Forstner Rivet Bracelet Brings Comfort, Quality-Machining, And Vintage Vibes To Your Wrist
The only question I had when I received a couple of Forstner rivet bracelets in the mail, was which watches I wouldn’t be trying them on… A rush of excitement greeted me when I unwrapped this latest design from my favorite after-market bracelet manufacturer and I spent the next two days taking it to pieces and reassembling it, before flipping it between six different watches. It finally found an unlikely home on my oversized Seiko Samurai, otherwise known as the SRPE33 Save the Ocean model.
Don’t misunderstand me here: it didn’t take me six attempts to find a watch that suited the Forstner rivet — far from it. In fact, all six I tried would have been glad of it. But it was the Seiko Save the Ocean SRPE33, which had been searching for a slightly more elegant alternative to the bracelet it came on ever since it joined my stable, that won the day. Why? Something about the odd mismatch of size hammered home the vintage aesthetic that the Gay Frères-inspired bracelet exudes.
I’ve never owned a rivet bracelet before. I’ve studied them from afar with suspicious interest. As a relatively hairy chap, I have to be careful when it comes to bracelets. I don’t want anything snagging on my “gorilla wrists” as one charming fellow writer once termed them. As such, I was a bit nervous about the close-linked style of the rivet bracelet.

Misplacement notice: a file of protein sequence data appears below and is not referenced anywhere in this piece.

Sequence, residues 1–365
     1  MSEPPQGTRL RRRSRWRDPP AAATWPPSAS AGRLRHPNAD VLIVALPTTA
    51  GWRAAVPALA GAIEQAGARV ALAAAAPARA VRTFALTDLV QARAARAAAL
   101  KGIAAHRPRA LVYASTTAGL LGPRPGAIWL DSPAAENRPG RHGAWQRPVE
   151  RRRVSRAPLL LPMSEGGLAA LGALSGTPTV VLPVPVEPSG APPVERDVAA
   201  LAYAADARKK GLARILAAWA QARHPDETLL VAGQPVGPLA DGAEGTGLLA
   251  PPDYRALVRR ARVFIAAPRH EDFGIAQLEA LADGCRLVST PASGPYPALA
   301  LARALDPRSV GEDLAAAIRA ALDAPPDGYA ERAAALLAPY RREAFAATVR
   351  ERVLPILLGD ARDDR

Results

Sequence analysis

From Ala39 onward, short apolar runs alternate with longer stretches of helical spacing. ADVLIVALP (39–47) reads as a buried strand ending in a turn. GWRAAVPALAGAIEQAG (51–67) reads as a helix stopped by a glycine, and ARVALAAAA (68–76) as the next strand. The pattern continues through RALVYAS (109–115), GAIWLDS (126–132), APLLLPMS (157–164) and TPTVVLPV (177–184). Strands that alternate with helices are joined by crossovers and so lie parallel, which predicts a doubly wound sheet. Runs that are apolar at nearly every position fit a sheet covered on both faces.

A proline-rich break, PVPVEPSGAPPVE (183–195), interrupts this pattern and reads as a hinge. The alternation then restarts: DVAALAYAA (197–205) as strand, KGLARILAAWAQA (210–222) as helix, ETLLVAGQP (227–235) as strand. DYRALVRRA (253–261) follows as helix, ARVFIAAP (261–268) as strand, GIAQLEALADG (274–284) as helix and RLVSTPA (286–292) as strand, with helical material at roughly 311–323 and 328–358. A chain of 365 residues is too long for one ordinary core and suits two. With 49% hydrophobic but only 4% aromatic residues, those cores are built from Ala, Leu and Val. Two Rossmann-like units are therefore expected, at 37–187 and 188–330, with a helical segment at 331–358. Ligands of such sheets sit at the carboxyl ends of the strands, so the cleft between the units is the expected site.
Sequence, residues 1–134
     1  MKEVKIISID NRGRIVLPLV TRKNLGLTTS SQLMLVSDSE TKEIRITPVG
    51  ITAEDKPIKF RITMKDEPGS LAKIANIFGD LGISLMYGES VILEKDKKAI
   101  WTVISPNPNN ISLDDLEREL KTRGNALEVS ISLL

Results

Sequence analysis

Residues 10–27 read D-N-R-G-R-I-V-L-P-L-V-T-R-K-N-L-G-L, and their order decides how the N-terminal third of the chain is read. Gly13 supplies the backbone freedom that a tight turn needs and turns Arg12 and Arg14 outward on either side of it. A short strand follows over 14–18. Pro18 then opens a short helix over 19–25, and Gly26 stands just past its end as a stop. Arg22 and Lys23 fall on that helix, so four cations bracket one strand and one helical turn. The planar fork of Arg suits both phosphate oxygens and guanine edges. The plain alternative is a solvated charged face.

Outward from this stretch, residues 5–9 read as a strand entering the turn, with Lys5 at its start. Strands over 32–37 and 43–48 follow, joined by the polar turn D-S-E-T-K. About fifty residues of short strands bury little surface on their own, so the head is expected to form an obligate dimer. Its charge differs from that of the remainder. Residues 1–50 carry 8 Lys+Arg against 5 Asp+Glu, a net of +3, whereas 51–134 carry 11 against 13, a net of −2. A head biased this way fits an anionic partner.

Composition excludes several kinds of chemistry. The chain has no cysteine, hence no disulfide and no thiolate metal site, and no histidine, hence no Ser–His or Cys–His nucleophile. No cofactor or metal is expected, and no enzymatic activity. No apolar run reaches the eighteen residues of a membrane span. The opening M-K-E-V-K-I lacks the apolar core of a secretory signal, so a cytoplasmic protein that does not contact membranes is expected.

As it turns out, I needn’t have worried. Forstner makes two styles of rivet bracelet. There is a standard, solid link version, and there is a “stretch” version with stretchy links, much like the final three links of the Forstner Flat Link that we’ve discussed at length on Fratello (pun intended). Unsurprisingly, I have them both in for review. Today, I am focusing on the solid link version, but I really enjoy stretchy bracelets so expect to see a follow-up at some point, covering the other style. The best thing about the solid link bracelet is that the last link is also stretchy (see below). In my opinion, that gives those skeptical of the full-stretch the best of both worlds.
I took the solid link version in a 22mm lug width. For a bit of variety, I took the expandable version in 20mm. Both straps are wider at the lug than they are at the links. These straps do not taper and are a solid 18mm from the lugs to the buckle, which takes the form of Forstner’s typical fold-over. It is embossed with the simple “JB” triangle logo and provides a firm, friction-fit closure.
A classic reborn
Forstner has made a habit of producing modern bracelets that are really faithful to vintage styles. The advantage here is, of course, modern machining is a touch more refined, and so Forstner’s high-fidelity products get the best of both worlds. I was speaking to the brand founder a few weeks before the Forstner Rivet bracelets hit the market and expressing my desire to see this exact style, and a traditional ladder bracelet given the Forstner treatment. At the time, he just smiled and said, “wait and see.”
Now I can see what I was waiting for, I am thrilled with it. As Forstner continues to work its way through the watch bracelet Hall of Fame, firmly establishing itself as the modern Gay Frères in the process, the rest of us can just sit back and bask in the warm glow of a really satisfying era of watch collecting.
Don’t be scared